What is a urethral sling?
The urethral sling is an outpatient minimally-invasive surgery with minimal recovery time. It is the most common type of surgery used to treat stress urinary incontinence (SUI) in women. Stress urinary incontinence causes urine to leak when a person coughs, sneezes, laughs, or does certain activities (running, exercising, etc.). SUI is a pelvic floor disorder and occurs when muscles and tissues that support the pelvic floor are damaged.
The pelvic floor includes the urethra, bladder, uterus, and rectum and the area can be damaged from pregnancy, childbirth or aging. In cases when surgery is needed to treat SUI, a urethral sling can provide a ribbon of support under the urethra to prevent it from moving during physical activity.
What can I expect during the procedure?
The standard urethral sling is a small piece of synthetic mesh that is surgically placed under the urethra. However, it can also be performed by only using the patient’s body tissues without the use of mesh (called an autologous fascial sling). In either case, the sling acts as a hammock to support the urethra and the neck of the bladder to prevent exertional leakage of urine. The standard mesh technique uses smaller incisions and has a quicker recovery process compared to the autologous fascial sling. There are pros and cons to both methods that should be discussed with Dr. Antonini.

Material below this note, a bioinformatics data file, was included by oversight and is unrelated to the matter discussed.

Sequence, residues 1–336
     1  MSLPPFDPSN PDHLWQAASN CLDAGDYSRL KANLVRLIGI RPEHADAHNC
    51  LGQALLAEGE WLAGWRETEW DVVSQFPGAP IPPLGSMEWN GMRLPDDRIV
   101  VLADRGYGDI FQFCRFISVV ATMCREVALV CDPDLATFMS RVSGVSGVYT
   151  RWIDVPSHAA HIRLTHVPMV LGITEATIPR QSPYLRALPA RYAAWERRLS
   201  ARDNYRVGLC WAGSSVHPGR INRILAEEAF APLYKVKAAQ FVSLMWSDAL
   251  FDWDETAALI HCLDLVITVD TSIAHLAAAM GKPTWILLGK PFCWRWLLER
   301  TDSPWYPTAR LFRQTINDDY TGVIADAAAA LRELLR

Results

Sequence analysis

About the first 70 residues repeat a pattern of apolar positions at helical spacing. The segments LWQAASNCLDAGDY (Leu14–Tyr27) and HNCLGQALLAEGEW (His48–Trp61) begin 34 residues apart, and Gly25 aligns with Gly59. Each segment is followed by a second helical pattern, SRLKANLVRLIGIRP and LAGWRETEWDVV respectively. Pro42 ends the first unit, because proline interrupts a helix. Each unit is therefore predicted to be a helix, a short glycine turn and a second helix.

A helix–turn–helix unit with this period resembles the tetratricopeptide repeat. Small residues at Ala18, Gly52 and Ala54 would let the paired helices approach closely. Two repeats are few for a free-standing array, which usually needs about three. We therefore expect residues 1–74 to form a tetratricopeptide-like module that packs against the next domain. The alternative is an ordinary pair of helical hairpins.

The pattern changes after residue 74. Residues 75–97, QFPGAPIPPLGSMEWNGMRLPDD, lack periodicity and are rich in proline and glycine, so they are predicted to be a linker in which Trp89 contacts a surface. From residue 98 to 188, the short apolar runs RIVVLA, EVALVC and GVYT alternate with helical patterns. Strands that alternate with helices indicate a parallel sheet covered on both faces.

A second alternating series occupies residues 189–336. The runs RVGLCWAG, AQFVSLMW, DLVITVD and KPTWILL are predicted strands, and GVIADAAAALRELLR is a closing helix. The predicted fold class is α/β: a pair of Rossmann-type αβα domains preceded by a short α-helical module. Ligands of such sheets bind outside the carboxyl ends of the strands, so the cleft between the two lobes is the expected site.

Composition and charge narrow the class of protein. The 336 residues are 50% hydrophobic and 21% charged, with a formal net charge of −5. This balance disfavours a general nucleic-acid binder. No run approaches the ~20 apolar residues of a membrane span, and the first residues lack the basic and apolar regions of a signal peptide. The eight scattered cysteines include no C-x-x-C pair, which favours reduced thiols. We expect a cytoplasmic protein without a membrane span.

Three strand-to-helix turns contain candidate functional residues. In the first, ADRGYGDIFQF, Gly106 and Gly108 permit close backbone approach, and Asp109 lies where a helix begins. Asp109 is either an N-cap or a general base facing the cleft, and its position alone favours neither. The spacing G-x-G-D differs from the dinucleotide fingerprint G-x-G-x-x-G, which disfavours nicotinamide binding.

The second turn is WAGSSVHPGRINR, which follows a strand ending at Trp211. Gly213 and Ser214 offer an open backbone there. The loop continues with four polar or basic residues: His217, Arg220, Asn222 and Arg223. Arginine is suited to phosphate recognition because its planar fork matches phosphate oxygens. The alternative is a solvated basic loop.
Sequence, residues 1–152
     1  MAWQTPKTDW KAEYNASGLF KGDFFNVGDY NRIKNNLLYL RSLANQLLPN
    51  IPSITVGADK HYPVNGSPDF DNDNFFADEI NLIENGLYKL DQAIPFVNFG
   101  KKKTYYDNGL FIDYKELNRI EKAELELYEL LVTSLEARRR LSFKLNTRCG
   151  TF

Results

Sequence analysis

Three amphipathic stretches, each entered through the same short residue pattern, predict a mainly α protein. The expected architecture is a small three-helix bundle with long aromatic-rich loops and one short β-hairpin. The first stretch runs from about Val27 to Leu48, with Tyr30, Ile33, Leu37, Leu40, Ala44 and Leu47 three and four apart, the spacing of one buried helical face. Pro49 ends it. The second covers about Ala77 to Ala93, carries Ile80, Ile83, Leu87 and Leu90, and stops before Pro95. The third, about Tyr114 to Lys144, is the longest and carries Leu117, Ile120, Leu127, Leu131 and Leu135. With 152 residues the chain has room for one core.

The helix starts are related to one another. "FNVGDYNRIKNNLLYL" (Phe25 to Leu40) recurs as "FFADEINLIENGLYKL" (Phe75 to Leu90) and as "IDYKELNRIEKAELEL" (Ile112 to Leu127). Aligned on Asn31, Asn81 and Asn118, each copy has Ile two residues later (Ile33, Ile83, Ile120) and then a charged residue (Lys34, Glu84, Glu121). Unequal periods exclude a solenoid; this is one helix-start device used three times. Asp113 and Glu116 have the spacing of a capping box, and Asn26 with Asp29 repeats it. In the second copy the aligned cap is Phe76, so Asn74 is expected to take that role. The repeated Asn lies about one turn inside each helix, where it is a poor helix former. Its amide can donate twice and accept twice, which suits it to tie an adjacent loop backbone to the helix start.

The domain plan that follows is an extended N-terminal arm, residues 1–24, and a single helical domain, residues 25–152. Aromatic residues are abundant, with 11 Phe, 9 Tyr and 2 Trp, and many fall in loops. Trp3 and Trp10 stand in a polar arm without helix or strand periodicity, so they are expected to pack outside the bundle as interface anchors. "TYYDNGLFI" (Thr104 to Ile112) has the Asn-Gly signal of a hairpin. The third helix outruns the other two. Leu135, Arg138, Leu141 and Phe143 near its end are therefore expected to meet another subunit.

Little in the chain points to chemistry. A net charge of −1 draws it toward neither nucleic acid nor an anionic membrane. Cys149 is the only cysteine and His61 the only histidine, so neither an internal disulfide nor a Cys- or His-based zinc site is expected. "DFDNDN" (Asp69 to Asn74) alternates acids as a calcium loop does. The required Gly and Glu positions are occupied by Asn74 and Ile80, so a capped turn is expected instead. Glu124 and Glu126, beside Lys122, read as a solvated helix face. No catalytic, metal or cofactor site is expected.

What are the benefits and risks of urethral sling surgery?
Urethral slings are an effective treatment for stress urinary incontinence. The vast majority of patients experience immediate benefits. There are some risks with any incontinence surgery to consider, such as a small chance (less than 5%) that the mesh will erode through the vaginal tissue. Bleeding, infection, chronic vaginal pain, worsened urgency, urinary retention, and other problems can also occur.
What can I expect after the procedure?
After your surgery, you may experience some discomfort for a few days or weeks. During this time, you will need to avoid putting stress on the surgical area. This includes excessive straining, heavy lifting, and strenuous exercise. Rarely, some women may find it hard to urinate or may urinate more slowly after the procedure. In these cases, you may need to use a catheter until the urinary function returns to normal.
Request an appointment at Central Texas Urogynecology & Continence Center
If you suffer from stress urinary incontinence, schedule an appointment at Central Texas Urogynecology & Continence Center. From our practice in Austin, we can assess your symptoms and provide the most effective treatment option. Request an appointment online or give us a call at 512-716-0861 to get started.